A bishop and moral theologian has warned that the NHS must not treat elderly people as a "market" or a "problem" and that so-called "health economists" risk compromising basic moral principles "by killing, harming and abandoning".
Dr Anthony Fisher, who is bishop of Parramatta in Australia and Professor of moral theology and bioethics at Melbourne's John Paul II Institute of Marriage and Family Life, said in a lecture in Oxford yesterday that "age-rationing" - allocating healthcare on the basis of age - is "unjustly discriminatory".
Bishop Fisher, who studied for his doctorate in Oxford, told an audience at the Catholic-run Anscombe Bioethics Centre: "Healthcare systems tell a story of the kind of people we are and wish to be. The inclusion [...] of the elderly reveals attitudes to ageing and the elderly themselves."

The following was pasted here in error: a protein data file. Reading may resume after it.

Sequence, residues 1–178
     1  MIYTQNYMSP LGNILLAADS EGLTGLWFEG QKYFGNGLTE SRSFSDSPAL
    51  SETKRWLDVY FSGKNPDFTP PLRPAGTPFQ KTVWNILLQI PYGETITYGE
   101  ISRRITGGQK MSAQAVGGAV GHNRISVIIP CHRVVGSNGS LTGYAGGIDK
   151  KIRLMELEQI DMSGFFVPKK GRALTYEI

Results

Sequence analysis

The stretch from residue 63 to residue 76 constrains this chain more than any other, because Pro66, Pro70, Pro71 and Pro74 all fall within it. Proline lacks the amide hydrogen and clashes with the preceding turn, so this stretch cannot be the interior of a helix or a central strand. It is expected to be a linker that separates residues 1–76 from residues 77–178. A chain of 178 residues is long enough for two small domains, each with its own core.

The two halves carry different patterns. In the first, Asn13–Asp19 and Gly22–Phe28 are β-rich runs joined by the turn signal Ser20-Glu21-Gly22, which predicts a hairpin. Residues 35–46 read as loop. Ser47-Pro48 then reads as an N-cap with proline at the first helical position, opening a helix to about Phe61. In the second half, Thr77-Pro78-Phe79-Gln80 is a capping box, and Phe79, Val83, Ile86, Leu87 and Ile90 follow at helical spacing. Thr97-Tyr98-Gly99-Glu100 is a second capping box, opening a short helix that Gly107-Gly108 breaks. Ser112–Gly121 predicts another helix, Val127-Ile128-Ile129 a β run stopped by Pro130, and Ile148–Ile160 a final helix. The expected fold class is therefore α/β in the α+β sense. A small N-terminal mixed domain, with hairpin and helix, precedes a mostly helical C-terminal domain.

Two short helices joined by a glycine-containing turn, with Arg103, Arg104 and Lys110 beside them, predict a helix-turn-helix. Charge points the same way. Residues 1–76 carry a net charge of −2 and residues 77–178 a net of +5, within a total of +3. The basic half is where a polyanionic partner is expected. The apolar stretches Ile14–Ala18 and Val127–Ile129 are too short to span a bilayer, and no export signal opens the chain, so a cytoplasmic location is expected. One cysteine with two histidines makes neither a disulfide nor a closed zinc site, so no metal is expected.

Above and homepage: Bishop Fisher speaks in front of an image of Blessed Pope John Paul II. Photo: Anscombe Bioethics Centre